1957 Russian Launch Sputnik



On October 4th, 1957 the Soviet Union launched the first satellite into space. The engineers waited until the satellite had made one orbit around the earth and then informed the Soviet Premier that the launch was successful. The satellite, with a diameter of 22 inches, marked the beginning of the space age. The Soviets successful launch also marked the beginning of the space race between the US and the Soviet Union. The launch spurred the US to intensify it’s efforts to launch its own satellite.

On July 29, 1955, the United States announced that it was planning to launch a satellite during the International Geophysical Year which was going to last from July 1, 1957, until December 31, 1958. This spurred the Soviet Union to develop their satellite. On January 30th, 1956 the Soviet government gave the green light to develop a satellite. The satellite was designated as Object D. It was hoped that the satellite would be able to take measurements on the atmosphere as well as observe magnetic fields and cosmic rays. However, when it became clear that developing this satellite might take too long, it was decided to use a simpler satellite that became known as PS-1.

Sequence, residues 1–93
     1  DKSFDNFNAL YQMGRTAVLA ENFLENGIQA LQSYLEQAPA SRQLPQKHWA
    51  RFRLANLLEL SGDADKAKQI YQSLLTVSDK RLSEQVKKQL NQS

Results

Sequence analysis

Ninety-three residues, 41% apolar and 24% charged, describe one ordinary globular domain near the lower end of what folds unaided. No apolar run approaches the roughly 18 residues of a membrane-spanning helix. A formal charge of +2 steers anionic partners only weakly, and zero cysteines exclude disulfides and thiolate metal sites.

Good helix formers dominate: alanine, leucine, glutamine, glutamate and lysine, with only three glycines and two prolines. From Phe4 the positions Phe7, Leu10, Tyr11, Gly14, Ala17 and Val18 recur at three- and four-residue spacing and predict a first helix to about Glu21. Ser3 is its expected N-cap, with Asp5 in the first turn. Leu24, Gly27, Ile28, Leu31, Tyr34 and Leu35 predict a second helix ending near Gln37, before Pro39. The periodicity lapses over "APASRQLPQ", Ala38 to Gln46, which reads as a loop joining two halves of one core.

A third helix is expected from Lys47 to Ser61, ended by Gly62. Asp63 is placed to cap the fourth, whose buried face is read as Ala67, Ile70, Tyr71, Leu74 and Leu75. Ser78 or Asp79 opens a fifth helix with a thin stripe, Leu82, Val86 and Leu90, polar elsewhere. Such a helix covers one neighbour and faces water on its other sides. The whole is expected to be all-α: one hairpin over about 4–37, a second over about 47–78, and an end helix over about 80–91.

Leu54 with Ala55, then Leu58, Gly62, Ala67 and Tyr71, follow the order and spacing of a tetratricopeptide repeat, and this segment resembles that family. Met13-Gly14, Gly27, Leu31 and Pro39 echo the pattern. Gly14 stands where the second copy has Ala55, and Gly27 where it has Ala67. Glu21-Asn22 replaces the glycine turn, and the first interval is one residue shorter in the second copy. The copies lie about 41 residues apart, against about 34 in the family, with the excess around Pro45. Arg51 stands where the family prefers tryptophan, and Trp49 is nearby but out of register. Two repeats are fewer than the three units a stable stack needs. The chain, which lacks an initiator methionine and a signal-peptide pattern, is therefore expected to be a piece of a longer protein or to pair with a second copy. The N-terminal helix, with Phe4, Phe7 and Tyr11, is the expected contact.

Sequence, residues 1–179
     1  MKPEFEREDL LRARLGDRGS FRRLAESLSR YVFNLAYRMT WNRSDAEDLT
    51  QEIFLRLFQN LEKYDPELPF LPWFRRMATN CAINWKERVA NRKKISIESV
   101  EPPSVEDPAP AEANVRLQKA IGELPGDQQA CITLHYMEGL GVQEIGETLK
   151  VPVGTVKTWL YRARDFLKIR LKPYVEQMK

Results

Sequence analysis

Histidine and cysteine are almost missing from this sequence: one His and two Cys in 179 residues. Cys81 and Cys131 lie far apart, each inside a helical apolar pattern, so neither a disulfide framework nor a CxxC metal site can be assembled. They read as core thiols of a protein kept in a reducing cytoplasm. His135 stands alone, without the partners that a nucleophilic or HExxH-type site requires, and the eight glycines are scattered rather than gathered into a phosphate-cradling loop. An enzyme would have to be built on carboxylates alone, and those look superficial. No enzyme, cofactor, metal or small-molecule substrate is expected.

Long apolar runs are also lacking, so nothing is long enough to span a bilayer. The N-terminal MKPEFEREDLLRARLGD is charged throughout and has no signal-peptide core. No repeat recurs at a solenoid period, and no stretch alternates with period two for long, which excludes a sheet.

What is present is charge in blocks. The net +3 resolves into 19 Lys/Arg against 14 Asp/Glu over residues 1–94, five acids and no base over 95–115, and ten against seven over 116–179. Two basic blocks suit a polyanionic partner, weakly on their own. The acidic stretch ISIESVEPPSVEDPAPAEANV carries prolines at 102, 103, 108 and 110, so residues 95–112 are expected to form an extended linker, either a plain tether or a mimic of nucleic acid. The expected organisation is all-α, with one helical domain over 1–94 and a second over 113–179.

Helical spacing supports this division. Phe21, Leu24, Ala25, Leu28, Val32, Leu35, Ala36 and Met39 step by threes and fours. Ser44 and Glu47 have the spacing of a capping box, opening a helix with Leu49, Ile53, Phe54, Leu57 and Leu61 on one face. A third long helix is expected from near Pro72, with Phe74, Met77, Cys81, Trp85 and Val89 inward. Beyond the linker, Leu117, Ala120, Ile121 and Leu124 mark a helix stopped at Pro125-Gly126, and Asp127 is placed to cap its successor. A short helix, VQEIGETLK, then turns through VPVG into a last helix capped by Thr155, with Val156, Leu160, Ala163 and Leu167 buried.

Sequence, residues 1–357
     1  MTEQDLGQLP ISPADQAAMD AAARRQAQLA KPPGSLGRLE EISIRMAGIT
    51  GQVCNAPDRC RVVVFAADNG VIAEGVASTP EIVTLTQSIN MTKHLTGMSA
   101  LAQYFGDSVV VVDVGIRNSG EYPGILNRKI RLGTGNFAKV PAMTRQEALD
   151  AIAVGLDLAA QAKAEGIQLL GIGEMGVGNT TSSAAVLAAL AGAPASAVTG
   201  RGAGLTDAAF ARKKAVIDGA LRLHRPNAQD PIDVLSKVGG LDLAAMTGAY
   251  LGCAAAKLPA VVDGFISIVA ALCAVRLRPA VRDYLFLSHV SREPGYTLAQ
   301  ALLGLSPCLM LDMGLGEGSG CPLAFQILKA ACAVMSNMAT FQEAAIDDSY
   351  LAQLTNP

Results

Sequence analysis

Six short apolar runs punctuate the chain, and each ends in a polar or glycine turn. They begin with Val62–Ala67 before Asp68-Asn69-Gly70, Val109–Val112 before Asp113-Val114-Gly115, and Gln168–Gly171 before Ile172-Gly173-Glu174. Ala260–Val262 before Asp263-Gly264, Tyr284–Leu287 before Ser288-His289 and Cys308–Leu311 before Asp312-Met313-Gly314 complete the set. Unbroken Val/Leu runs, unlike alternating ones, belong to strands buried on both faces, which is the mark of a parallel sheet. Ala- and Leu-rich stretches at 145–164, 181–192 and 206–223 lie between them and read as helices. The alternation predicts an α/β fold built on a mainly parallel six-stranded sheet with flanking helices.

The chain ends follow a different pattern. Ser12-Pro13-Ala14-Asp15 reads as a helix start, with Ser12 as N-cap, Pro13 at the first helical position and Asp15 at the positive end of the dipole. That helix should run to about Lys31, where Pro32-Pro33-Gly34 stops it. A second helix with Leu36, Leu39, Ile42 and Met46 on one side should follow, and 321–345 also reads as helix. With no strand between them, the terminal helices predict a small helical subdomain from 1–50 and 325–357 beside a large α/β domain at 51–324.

To launch the satellite the Soviets wanted to use their new ICBM missile which was designated R-7 Semyorka. The first three launches of the R-7 failed. The fourth one was successful however it was unable to be useful as an ICBM as its dummy warhead disintegrated on reentry. However, it was concluded that the R-7 could be used to launch a satellite.

PS-1 became Sputnik 1, and it was 23 inch in diameter (585 millimeters). It weighed 184 lbs and included a radio transmitter. On October 5th the Sputnik was launched. After the satellite circled the earth once the scientist announced it was a success. Sputnik circled the globe for three months and made 1,440 orbits of the planet before burning up on reentry.

The successful launch of the Sputnik was a coming out party for Soviet science and spurred the US to develop its space capability.